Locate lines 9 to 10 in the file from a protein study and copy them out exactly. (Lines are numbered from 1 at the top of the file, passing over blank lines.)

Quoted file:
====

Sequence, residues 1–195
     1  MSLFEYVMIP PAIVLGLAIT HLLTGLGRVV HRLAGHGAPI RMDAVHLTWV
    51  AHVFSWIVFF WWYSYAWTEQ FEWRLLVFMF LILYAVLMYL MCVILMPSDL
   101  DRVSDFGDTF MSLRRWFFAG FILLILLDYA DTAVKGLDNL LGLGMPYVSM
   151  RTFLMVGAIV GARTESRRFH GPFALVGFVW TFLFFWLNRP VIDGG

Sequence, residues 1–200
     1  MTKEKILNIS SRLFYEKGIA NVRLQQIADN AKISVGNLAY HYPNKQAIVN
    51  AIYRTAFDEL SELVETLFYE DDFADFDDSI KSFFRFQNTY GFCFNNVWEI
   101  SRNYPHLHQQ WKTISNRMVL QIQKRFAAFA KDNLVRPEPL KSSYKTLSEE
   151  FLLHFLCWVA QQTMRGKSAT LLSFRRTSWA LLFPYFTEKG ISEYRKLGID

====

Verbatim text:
   101  SRNYPHLHQQ WKTISNRMVL QIQKRFAAFA KDNLVRPEPL KSSYKTLSEE
   151  FLLHFLCWVA QQTMRGKSAT LLSFRRTSWA LLFPYFTEKG ISEYRKLGID